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Commodities exports at the Port remain strong but just aren’t as critical to the metro region as they once were. While the demand for grain is towering, with 3.1 million bushels exported during the 2012-13 harvest, efficiency in labor is tighter than ever. Gone are the days of the airveyor and the days when bulk cargo was carried, hand to hand, to the hulls of ships.
Now grain is stored in massive elevators whose advances have whittled its formerly immense workforce. It leaves the Port today in enormous volumes but leaves barely a dribble in the local economy.
Montana native Mike Wong is among those acquired when Japanese-owned Marubeni purchased Columbia Grain in 2007. The rise in the middle class is shifting tastes and boosting demand abroad, Wong says, boosting exports from Portland but without much impact locally.
“Really, this is just a port. It isn’t where [grain] is produced; it isn’t where it’s consumed. It’s a transfer point.” In his office on the 29th floor of the Wells Fargo building in downtown Portland, a flat-screen TV is tuned to Bloomberg and a constant ticker of commodities numbers. “The Chinese are requiring more of it, so we are answering the demand.”
The Port of Portland is a bit boutique: ranking 13th in the nation and third in the West for export tonnage, but still key to enabling passage of bulk goods to Asia from areas served by either barges on the Columbia River, or the Port’s unique direct rail link to the Midwest, the only such link to a West Coast port.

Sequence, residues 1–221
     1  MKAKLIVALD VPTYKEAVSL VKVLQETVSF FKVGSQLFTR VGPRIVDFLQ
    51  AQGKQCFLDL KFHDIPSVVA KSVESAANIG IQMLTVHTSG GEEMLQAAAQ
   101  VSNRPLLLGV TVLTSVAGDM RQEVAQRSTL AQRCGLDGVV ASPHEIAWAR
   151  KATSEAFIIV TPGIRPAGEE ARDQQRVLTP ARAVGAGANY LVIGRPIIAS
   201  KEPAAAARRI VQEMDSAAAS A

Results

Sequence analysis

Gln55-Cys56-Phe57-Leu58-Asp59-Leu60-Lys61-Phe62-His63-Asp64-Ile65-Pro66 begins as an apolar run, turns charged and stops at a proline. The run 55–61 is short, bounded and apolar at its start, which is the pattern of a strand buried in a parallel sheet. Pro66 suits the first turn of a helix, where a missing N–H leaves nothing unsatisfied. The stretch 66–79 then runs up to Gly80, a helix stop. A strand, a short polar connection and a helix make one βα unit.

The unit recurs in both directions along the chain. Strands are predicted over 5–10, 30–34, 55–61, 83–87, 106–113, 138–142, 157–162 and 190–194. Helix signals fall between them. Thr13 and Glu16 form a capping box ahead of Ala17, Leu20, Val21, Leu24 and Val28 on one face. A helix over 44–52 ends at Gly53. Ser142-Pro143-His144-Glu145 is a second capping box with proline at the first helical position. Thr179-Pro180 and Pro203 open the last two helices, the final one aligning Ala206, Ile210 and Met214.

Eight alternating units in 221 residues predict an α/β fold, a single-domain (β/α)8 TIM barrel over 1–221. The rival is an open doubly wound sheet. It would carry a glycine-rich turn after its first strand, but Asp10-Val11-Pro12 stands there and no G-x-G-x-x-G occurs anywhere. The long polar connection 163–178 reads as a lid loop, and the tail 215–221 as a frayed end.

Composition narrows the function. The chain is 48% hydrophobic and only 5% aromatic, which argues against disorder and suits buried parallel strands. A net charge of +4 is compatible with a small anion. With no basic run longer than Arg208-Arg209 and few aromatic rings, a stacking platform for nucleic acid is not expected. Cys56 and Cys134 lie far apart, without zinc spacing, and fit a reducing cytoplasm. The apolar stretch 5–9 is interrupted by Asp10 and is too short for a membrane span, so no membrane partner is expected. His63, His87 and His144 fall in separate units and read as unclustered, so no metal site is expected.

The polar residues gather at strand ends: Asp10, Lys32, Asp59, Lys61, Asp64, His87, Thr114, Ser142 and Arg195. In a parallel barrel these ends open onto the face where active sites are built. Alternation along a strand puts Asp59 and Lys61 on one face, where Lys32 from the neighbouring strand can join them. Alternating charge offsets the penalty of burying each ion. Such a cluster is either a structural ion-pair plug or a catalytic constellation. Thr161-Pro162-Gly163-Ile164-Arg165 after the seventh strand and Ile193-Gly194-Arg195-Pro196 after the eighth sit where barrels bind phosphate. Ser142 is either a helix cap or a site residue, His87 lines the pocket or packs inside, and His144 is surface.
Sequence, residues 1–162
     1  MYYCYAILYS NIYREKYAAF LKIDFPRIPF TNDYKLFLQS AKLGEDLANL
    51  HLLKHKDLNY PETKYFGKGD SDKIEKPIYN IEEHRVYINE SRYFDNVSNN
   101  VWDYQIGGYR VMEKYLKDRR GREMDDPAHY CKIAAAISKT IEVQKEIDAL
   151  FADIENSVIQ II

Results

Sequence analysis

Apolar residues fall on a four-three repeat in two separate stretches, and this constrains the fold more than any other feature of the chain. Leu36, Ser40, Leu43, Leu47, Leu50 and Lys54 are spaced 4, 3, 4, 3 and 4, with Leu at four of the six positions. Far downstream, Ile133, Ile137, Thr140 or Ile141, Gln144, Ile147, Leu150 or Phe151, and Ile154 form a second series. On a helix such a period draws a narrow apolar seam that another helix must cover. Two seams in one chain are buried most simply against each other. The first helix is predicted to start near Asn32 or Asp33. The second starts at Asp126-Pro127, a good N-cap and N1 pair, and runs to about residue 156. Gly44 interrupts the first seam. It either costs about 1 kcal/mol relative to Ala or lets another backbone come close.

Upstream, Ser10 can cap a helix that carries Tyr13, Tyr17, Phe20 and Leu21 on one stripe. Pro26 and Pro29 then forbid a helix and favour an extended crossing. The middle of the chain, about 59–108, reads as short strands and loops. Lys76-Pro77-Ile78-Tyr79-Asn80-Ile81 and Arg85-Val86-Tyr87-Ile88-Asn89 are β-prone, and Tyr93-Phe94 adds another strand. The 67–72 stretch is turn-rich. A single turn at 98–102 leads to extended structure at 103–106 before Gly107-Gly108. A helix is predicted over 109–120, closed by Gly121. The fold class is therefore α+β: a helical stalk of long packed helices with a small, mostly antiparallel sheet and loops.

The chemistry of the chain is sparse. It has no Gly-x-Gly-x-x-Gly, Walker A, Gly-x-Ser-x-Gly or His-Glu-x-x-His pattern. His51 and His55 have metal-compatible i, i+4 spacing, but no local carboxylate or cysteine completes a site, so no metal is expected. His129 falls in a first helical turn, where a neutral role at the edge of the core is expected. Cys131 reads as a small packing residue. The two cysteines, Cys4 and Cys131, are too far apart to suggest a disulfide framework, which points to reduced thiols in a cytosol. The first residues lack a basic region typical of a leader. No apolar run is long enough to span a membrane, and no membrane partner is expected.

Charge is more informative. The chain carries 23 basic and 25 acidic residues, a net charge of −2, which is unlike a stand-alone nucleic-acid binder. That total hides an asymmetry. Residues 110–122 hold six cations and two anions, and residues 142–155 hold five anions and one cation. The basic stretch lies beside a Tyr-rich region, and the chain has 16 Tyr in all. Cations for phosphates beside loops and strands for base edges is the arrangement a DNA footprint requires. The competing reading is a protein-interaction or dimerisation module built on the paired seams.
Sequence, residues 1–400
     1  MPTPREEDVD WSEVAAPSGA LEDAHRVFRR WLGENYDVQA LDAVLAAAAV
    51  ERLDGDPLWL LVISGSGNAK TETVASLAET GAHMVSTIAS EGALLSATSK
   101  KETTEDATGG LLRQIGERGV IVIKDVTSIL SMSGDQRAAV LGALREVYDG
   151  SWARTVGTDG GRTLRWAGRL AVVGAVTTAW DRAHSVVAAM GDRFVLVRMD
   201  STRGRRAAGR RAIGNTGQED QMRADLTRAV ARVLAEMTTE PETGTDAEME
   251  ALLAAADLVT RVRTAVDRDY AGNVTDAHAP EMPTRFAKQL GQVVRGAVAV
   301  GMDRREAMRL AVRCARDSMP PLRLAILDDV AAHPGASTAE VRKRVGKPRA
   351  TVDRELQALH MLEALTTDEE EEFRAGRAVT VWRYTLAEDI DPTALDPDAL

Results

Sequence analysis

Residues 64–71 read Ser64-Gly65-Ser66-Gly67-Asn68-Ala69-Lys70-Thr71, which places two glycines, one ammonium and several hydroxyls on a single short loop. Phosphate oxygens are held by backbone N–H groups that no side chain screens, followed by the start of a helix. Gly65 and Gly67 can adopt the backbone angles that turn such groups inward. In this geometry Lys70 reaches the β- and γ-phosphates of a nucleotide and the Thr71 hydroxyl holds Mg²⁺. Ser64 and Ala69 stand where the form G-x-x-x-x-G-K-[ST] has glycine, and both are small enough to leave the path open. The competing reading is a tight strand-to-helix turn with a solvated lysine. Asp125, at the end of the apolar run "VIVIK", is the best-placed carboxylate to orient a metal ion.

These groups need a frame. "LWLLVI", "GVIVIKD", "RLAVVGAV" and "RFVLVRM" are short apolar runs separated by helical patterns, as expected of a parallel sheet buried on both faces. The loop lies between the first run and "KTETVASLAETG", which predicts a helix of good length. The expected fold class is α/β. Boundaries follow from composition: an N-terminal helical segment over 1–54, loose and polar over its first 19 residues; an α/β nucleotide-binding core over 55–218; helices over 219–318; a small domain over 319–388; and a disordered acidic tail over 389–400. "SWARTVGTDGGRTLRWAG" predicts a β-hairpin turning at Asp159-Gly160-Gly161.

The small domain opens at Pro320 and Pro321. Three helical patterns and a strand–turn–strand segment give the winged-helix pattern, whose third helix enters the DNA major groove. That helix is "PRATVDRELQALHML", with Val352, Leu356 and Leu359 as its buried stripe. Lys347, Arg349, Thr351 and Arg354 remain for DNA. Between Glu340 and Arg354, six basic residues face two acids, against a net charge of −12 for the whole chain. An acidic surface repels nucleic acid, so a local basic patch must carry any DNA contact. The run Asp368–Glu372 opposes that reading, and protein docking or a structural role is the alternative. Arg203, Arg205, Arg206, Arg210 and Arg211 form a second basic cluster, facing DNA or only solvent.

As export demands from other countries grow, other Oregon industries are indeed looking toward exports for the first time. Jeff Stone, executive director of the Oregon Association of Nurseries, says exports to other countries may soon increase that trade’s sales, which hit $744 million in 2012. “With growth of a middle class, especially in those markets, they are going to have disposable income to be able to look at what they want. That includes the materials that we grow in horticultural trade,” he says.
Wineries, berry growers and other Oregon producers are already seizing on that growing demand, aided by something they all agree the Port does very well: serve its smaller clients with a personal touch they couldn’t get in a larger port, making it possible for niche producers to develop export opportunities abroad.
This, combined with the energy revolution of the U.S., is what has Wyatt, while acknowledging the rise in the service economy in the metro region, unsure that it will shift Port focus completely to the airport over time.
“One thing you don’t hear people talking about today is peak oil,” says Wyatt. “Five years ago, there was a conventional view that we were running out of oil, that we would essentially see it effectively depleted in our lifetimes, and that those elements of the transportation sector — airplanes for example — that could not convert to alternative fuels would become too expensive to be sustainable. Nobody is talking about that anymore.”
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